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Apple: 73 percent clean-powered

Posting in Energy
Apple, once a perennial target of Greenpeace, has started to open up about its successful efforts to reduce its carbon footprint. 

The normally secretive tech company released a new video entitled "Better" on Monday—a day before Earth Day—narrated by CEO Tim Cook highlighting the company's clean power, recycling and energy efficiency initiatives. Apple also released a number of progress reports that provide some new information, as well as a rehashing of some earlier announcements. 

Why is the company lifting the veil now? This new-found transparency could be related to its vice president of environmental initiatives. Lisa Jackson, the former embattled head of the EPA, took the job in June. It could also be for the simple reason that the company's plans to power its data centers with 100 percent renewable energy, reduce its carbon footprint and green its manufacturing operations are progressing. See the graphic below.  
apple 2014 report.jpg
 



Apple has converted 73 percent of the energy for all of its facilities—86 percent of its corporate campuses and 100 percent of its data centers—to clean power, according to the company's report. The data center update is old news: Apple reported last year that had reached the 100 percent clean power goal

However, Apple did reveal a little more about one of its newer data centers in Prineville, Oregon. Apple confirmed that the Prineville facility, which will be completed this year, will have a micro-hydro system that will harness the power of water that flows through the local irrigation canals.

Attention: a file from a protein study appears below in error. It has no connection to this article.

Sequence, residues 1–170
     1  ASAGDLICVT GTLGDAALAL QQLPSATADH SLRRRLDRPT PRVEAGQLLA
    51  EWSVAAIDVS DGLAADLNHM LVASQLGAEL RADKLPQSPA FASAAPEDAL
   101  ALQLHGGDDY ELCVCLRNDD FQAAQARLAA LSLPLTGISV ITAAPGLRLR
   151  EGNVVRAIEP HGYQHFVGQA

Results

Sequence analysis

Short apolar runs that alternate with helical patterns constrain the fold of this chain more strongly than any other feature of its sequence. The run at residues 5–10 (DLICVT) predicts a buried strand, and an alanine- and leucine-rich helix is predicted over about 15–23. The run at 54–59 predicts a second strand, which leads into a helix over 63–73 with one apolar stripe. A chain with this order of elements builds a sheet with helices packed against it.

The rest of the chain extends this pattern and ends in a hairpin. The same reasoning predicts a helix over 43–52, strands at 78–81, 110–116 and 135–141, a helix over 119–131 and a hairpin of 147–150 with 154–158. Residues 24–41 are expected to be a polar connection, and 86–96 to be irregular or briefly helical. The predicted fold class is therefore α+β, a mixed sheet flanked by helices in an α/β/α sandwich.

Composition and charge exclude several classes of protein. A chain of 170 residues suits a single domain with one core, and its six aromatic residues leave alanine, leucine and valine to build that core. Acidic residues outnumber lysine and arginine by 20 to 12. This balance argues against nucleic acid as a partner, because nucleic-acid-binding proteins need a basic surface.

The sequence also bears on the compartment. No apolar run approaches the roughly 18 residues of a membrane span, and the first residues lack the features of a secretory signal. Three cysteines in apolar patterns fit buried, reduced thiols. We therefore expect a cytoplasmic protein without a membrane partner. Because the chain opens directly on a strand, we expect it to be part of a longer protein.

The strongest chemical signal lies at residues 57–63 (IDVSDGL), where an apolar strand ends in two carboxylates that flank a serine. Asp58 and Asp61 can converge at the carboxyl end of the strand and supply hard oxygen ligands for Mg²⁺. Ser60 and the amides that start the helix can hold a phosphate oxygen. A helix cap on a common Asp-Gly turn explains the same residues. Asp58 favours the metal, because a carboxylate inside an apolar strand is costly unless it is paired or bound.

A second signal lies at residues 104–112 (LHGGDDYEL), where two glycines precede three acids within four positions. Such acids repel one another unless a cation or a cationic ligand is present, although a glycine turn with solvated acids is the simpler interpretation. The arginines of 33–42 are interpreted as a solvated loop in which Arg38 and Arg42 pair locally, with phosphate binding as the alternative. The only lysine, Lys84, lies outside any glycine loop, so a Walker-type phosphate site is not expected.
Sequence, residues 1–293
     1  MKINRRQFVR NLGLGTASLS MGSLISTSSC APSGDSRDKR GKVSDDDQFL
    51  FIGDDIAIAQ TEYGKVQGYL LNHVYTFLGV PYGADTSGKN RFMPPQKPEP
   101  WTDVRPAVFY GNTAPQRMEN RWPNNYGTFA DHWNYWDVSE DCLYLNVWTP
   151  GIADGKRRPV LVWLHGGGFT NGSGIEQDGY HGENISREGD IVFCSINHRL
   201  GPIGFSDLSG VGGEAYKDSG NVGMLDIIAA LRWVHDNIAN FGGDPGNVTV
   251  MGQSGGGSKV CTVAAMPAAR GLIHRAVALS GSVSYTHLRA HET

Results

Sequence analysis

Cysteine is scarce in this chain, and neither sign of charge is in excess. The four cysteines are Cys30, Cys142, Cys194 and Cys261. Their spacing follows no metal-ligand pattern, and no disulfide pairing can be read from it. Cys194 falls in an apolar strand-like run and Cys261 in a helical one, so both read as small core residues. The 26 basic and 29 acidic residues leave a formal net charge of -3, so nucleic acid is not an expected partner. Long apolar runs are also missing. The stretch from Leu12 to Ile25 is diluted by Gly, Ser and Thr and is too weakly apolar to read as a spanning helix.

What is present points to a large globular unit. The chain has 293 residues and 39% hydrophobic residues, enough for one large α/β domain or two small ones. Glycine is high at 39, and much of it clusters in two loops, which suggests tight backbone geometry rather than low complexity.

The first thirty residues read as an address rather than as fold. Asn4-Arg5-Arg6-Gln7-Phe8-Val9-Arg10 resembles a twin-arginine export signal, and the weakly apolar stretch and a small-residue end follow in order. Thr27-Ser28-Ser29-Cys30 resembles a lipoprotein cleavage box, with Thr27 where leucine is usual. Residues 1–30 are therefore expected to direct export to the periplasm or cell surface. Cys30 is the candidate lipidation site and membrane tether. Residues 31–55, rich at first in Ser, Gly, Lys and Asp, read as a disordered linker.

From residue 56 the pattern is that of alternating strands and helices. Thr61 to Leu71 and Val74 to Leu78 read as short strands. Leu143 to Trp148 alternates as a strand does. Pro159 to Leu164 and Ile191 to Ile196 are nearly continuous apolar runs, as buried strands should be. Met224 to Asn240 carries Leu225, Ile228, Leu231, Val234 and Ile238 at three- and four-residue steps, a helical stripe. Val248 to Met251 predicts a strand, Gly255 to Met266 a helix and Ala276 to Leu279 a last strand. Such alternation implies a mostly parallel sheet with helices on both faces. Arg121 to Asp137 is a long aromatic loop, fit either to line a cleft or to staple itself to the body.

The company said its Reno, Nevada data center, which will be operational in 2015, will use a new kind of photovoltaic panel with curved mirrors to concentrate the sunlight in its 18- to 20-megawatt solar array. The solar array will have an annual production capacity of more than 43 million kilowatt-hours of clean energy. 
Apple is also steadily ticking off its retail stores. Apple is powering more than 120 U.S. retail stores with renewable energy, according to the company's report. That leaves 135 U.S. stores, according to information on the company's website. 

Here's the Better video below:

— By on April 21, 2014, 12:36 PM PST

Kirsten Korosec

Contributing Editor

Kirsten Korosec has written for Technology Review, Marketing News, The Hill, BNET and Bloomberg News. She holds a degree from Northwestern University's Medill School of Journalism. She is based in Tucson, Arizona. Follow her on Twitter. Disclosure